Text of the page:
Figure 1 Fourier transform medium infrared transmission spectra of surfactant samples (Hydroxyl number in mg KOH/g, measured by wet chemistry method, acetylation) prepared as solution in sealed Cesium iodide cell of 0.050 mm – 1 g in 10 mL of CCl4

Table 3 includes data on the FT-MIR (transmission) developed methodology and potentiometry or wet chemistry method (reference). In Fig. 2, the A3500 values are plotted against the relative surfactant IOH samples measured by potentiometry (supplier’s data). In Fig. 3, the values of A3500 as a function of IOH relative to those measured by wet chemistry (acetylation) are shown.

Table 3 Methodologies data, FT-MIR (transmission), potentiometry, and wet chemistry for IOH determination in surfactants. 

Sample FT-MIR (transmission) IOH
potentiometry
[mg KOH.g]
IOH (Wet chemistry method)
A3500
(median value)
Standard deviation
(σ̂µ)
Relative error
(%)
Mean value
(mg KOH/g)
Variation from the mean Relative error (ref. value suplier) (%)
Range Value
Alkonat 230 0.056 0.003 5.4 39-48 42.7 46.4 6.5 8.6
Eumulgin B2 0.055 0.001 1.8 49-55 52.1 51.0 10.4 2.1
Alkonat CE 0.060 0.002 3.3 50-58 53.8 53.1 12.8 1.3
Eumulgin SMO 20 0.097 0.004 4.1 65-80 72.5 65.3 0.8 9.9
Tween 0.130 0.003 2.3 96-106 102.0 104.0 9.4 2.0
Eumulgin SML 20 0.138 0.004 2.9 96-108 105.0 102.9 10.1 2.0
Methodology error 2.9 - - - 9.4 2.1

Figure 2 FT-MIR calibration curve (transmission, surfactant solution in CCl4), A3500 versus IOH (measured by potentiometry, supplier’s data). 

Figure 3 FT-MIR calibration curve (transmission, surfactant solution in CCl4), A3500 versus IOH (measured by wet chemistry method, acetylation). 

Good linear correlations were observed, R = 0.988 and R = 0.977, respectively, for the calibration or analytical curves (Eq. 4 and Eq. 5). Respectively, the determination coefficients R2 (Pimentel 1996) were 0.976 and 0.955. Therefore, between 0.95 and 0.98% of the values were explained by the methodology.

y=0.0014x0.011 (4)

where y is the median value of A3500 and x is the IOH value (mg KOH/g).

y=0.0014x0.010 (5)

where y is the median value of A3500 and x is the IOH value (mg KOH/g).

Evaluating the data in Table 3, it can be observed that the variation between measurements in FT-IR methodology (2.9%) (Hórak and Vítek 1978) is lower than the one obtained by wet chemistry method (9.4%) (Baccan et al. 2001). The greater variation in values in the wet chemistry method may be due to the greater number of steps, also impacting the analysis time (4 hours), in comparison to FT-IR methodology (1 hour). Regarding the reference, measured by potentiometry, the wet chemistry method presents a smaller error (2.1%).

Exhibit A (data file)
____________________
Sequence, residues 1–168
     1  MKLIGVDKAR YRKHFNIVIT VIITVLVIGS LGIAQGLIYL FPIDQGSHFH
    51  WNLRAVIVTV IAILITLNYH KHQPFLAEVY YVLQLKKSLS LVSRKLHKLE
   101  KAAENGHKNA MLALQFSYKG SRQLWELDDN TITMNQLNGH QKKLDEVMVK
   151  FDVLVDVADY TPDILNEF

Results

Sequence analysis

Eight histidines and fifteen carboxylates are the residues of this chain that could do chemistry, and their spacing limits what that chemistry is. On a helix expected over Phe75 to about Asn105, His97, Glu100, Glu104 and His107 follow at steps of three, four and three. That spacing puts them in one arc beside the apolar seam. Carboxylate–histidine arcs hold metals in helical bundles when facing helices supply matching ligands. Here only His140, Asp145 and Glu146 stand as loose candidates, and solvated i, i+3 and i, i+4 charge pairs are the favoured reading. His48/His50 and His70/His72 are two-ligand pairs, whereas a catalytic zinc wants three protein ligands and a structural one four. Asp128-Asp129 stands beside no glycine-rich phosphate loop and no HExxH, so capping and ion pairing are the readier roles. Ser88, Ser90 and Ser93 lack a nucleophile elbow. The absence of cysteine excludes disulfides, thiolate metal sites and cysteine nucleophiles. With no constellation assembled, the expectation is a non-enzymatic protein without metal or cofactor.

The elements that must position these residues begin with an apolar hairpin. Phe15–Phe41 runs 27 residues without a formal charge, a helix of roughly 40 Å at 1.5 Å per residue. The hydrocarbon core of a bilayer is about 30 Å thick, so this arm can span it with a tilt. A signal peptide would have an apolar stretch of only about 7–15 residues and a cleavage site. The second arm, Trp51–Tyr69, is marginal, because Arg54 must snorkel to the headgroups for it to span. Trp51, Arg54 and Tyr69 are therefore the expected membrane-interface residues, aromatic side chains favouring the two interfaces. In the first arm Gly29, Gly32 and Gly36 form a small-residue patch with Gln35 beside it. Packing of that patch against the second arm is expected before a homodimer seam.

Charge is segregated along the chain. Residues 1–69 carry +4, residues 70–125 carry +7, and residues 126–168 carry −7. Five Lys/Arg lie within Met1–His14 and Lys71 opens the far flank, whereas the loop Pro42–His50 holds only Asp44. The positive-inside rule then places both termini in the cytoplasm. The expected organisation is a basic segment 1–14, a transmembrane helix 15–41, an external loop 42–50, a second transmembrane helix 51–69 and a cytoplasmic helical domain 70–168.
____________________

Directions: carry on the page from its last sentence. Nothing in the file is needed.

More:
The FT-IR methodology error, around 3%, is acceptable in relation to the FT-IR spectrophotometer accuracy limit ( 2%) (Hórak and Vítek 1978), which is usually obtained in ideal conditions, where the analytical band is thinner or more intense than these OH group materials, which is wider because of the hydrogen bonding interaction possibility (Smith 1979).

The curves in Fig. 4 (R = 0.991) and Fig. 5 (R = 0.998) show the relationship between the IOH values supplied and measured, both by wet chemistry and FT-IR, for the surfactants studied. The data measured by FT-IR show slightly better linearity, relative to the reference data (from supplier) (0.988, FT-IR, and 0.986, wet chemistry).

Figure 4 IOH (from supplier, by potentiometry) versus IOH by wet chemistry method (acetylation), for the surfactants studied. 

Figure 5 IOH (from supplier, by potentiometry) versus IOH measured by FT-MIR (transmission), for the surfactants studied. 

IOH determination in surfactants by FT-NIRA

Figure 6 shows FT-IR/NIRA spectra used for IOH determination in surfactant samples. There is basically an increase in OH band intensity, around 7000 cm-1, according to the IOH increase, obeying Lambert-Beer’s law (Smith 1979).

Figure 6 FT-MIR reflection analysis spectra of surfactants analyzed as received (IOH in mg KOH/g, measured by wet chemistry method, acetylation). 

Since the samples, prepared as a solution, as it had been done in the MIR region, did not respond adequately to the NIRA analysis, an attempt was made to analyze them directly, without solvent use or a complex step of material’s preparation. This feature was not a simple task, because, in some cases, it was necessary to form a film for the most adequate preparation of the sample. Thus, it was decided to analyze only four samples, representing the levels: lower, intermediate (two samples), and high.